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Blue Note Records is a jazz record label, established in 1939 by Alfred Lion and Max Margulis. Francis Wolff became involved shortly thereafter. The label derives its name from the characteristic "blue notes" of Jazz and the Blues.

It was one of the most significant recording companies in the jazz world because it changed many of the dynamics of recording jazz music to accommodate the artists and the label allowed them to create works that didn't always begin as commercially viable projects.

Those days at Blue Note are behind them, as the company has been absorbed by many larger record labels over the years, and even went out of existence for a time. During the 70th Anniversary of the label, a revival of the creative spirit of Blue Note was started with the formation of the "Magnificent 7" of modern Jazz performing for the label (See "Future" below).

Blue Note began recording Hot Jazz, but is largely known for its BeBop and Hard Bop recordings. It gave Thelonious Monk and John Coltrane, amongst many, a place to record and experiment. It gained its position with the great recording artists by treating them well and catering to their needs.


DiscographyEdit

BlueNoteDiscography

Blue Note released some of the best records ever recorded in jazz music. Explore the vast collection.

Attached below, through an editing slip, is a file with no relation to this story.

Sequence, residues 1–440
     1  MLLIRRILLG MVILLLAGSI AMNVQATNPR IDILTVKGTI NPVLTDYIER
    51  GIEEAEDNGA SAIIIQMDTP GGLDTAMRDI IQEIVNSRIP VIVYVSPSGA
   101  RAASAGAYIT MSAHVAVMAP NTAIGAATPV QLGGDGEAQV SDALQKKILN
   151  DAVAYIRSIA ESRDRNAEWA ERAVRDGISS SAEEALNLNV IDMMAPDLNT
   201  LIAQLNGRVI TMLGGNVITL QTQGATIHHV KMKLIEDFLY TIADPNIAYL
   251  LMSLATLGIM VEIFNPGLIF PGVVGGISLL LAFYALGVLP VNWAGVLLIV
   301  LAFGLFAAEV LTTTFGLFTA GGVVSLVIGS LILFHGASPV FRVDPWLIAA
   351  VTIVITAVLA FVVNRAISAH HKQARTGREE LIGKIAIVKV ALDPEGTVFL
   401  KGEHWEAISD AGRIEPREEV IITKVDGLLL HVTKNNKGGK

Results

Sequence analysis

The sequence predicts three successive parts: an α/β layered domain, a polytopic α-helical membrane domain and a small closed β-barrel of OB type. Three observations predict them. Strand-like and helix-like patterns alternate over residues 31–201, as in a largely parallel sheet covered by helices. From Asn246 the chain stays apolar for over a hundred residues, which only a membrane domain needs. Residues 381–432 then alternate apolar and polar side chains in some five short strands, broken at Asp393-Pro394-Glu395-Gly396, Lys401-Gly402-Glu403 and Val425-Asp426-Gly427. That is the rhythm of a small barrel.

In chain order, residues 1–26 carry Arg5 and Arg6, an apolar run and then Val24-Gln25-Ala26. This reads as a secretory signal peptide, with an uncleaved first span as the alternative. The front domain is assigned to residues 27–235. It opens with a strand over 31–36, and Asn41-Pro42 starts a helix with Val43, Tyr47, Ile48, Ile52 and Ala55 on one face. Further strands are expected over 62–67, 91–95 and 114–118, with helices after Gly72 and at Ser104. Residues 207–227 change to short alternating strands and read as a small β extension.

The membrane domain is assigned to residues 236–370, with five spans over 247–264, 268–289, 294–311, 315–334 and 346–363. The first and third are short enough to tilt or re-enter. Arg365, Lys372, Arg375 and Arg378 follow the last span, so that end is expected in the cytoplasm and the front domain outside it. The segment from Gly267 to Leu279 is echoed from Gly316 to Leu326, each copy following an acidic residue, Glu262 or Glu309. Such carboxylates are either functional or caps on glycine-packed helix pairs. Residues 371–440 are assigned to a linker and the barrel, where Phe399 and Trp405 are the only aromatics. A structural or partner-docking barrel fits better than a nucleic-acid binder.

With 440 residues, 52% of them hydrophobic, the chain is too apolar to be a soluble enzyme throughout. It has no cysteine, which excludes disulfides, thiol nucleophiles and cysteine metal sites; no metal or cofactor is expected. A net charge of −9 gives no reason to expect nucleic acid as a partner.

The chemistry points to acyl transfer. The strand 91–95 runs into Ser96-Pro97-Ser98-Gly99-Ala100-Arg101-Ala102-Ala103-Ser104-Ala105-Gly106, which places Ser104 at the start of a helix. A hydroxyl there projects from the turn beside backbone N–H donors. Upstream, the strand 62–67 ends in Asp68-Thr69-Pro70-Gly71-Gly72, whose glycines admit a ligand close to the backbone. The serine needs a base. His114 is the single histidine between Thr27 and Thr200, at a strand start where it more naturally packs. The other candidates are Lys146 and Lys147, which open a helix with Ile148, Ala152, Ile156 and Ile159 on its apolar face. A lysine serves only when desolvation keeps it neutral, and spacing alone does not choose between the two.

Blue Note Recording ArtistsEdit

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The question isn't: "Who played for Blue Note?" The question is: "Who counted who didn't?"

See the full list in this category page, and explore the music by way of leading artists like Horace Silver, Jimmy Smith, Freddie Hubbard, Lee Morgan, Art Blakey, Lou Donaldson, Donald Byrd and Grant Green were among the label's top stars.

By 1954, Blue Note naturally gravitated toward a system that was much akin to a repertory theatre company: A stable of leaders and sidemen mixed and matched on different albums . Leaders often would appear on each other's projects as sidemen, adding to the interest value of the album for fans. Sidemen would be groomed to grow into leaders.

Sometimes moving up to leadership could be just good timing: Horace Silver's first session was to have been a Lou Donaldson quartet date that Lou had to cancel at the last minute to go out of town. Alfred thought it was time for Silver to make his debut anyway and offered him the same date as his own trio session.

Almost all of the important musicians in postwar Jazz recorded for Blue Note on occasion, albeit most often only once.

See also Category: Blue Note Recording Artists

Blue Note Recording Engineers & TechniciansEdit

Who recorded and cut the music for Blue Note's producers? A brief history of the recording team working at Blue Note.


Album ArtEdit

Hank Mobley Quintet (Front)
Blue Note's album album cover designs were as influential in the world as they were in the worlds of graphic design and the world of music.
Blue Note was the first label to feature a black musician that wasn't staged in formal attire of the dance bands of the day, but was usually a documentary photograph of producer Frank Wolff's, taken in the studio during recordings. It was highly controversial in the racially-charged world of pre-Civil Rights America (See the video at the Album Art page for more.)